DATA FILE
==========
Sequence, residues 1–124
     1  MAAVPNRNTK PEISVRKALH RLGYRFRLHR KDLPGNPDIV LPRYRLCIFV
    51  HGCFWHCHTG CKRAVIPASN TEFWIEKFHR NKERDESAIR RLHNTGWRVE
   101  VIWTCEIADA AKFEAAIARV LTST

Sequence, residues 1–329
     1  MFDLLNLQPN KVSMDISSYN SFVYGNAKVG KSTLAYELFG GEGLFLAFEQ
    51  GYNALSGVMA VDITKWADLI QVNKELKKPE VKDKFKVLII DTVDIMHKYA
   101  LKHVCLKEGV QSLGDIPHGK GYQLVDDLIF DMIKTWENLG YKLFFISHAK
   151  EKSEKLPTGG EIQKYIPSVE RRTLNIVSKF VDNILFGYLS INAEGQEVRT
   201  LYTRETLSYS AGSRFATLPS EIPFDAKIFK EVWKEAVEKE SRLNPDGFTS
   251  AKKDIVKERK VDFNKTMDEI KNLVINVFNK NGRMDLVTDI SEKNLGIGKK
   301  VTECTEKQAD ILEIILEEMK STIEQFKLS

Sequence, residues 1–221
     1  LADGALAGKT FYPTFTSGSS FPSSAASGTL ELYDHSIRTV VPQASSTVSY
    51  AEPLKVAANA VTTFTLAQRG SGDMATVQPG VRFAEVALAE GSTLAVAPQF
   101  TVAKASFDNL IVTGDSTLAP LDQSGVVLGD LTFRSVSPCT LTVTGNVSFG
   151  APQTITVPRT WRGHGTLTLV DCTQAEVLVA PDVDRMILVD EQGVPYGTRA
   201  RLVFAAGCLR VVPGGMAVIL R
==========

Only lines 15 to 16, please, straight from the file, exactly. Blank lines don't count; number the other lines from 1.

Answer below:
    51  AEPLKVAANA VTTFTLAQRG SGDMATVQPG VRFAEVALAE GSTLAVAPQF
   101  TVAKASFDNL IVTGDSTLAP LDQSGVVLGD LTFRSVSPCT LTVTGNVSFG